A CURE FOR LOVE
Could we choose not to have feelings for someone?
In The Devil’s Dictionary ‘love’ is defined as ‘a temporary insanity curable by marriage’. The marriage part is an irreverent joke, but the amorous insanity will be familiar to many. It’s the reason why – once you’ve developed the affliction – you can’t resist acting against your own judgment (‘Don’t text him! Don’t text him! Whoops, I texted him’), let alone the flawless advice of all your friends and relatives. Playing hard-to-get is nearimpossible when you’re deeply enamoured with someone, as is extracting yourself from a harmful relationship when you’re still besotted with your partner. The heart wants what it wants. But what if it could un-want it?
Love is, in one respect, biochemical, and it’s been shown to be subject to medical intervention: Prozac can disrupt lust, while drugs like ecstasy have been shown to enhance it. In a series on ‘the chemical break-up,’ from Oxford University’s Uehiro Centre for Practical Ethics, researchers pondered the moral conundrums that would accompany the development of an anti-love drug to intercept oxytocin (known as the ‘bonding hormone’ and the chief suspect in the onset of passion).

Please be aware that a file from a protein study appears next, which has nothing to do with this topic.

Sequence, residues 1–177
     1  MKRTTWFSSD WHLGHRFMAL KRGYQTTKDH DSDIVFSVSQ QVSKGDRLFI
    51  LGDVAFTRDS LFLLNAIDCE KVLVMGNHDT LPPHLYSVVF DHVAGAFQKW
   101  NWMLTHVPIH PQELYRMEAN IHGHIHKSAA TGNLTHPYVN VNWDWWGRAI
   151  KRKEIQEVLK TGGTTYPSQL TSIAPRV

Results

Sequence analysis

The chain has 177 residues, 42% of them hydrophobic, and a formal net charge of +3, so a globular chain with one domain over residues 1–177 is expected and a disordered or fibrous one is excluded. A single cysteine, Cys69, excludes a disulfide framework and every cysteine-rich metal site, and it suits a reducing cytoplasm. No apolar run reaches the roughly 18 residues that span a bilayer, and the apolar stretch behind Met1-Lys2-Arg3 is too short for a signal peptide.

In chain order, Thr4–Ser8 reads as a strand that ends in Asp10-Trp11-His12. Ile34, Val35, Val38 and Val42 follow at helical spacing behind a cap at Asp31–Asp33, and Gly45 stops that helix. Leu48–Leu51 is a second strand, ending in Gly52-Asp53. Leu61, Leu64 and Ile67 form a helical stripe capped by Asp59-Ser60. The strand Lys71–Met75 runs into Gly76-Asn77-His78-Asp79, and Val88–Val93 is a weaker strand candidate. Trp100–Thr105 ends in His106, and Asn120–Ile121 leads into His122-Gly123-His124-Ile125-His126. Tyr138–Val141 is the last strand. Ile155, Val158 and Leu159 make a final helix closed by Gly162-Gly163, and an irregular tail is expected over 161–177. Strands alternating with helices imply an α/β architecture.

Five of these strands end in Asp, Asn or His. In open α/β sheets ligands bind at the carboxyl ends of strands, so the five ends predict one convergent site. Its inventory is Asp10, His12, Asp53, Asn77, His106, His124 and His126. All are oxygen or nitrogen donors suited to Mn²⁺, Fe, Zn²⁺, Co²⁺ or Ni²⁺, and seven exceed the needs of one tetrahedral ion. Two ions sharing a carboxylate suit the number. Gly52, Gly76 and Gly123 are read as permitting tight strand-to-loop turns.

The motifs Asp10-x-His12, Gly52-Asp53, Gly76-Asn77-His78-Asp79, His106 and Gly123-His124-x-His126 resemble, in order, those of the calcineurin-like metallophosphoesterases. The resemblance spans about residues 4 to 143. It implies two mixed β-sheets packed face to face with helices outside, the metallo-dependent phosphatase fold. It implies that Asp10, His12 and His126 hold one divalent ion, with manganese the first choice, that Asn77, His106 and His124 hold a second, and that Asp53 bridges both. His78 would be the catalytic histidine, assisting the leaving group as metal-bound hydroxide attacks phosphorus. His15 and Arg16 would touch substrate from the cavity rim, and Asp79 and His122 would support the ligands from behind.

Such a pill could turn the subject of your obsession into just another acquaintance. Imagine! No more agonising months spent in emotional recovery from unrequited love; no more inequitable relationship dynamics foisted on you by your zealous brain chemistry. But if it has perks, it could also have downfalls. One concern of the researchers was the possibility of coercion: parents forcing their child to stop seeing some ruffian they disapproved of, for instance. Another had a more poetic resonance: ‘If you … give [someone] an oxytocin-receptor blocker,’ hormone-expert Larry Young told New York Magazine, ‘you’re basically going to dampen their sense of connection to everyone in their life.’
It seems we have to be fools in love, once in a while, in order to know love at all.
A selection from Siemer’s ongoing series entitled ‘Human Error’.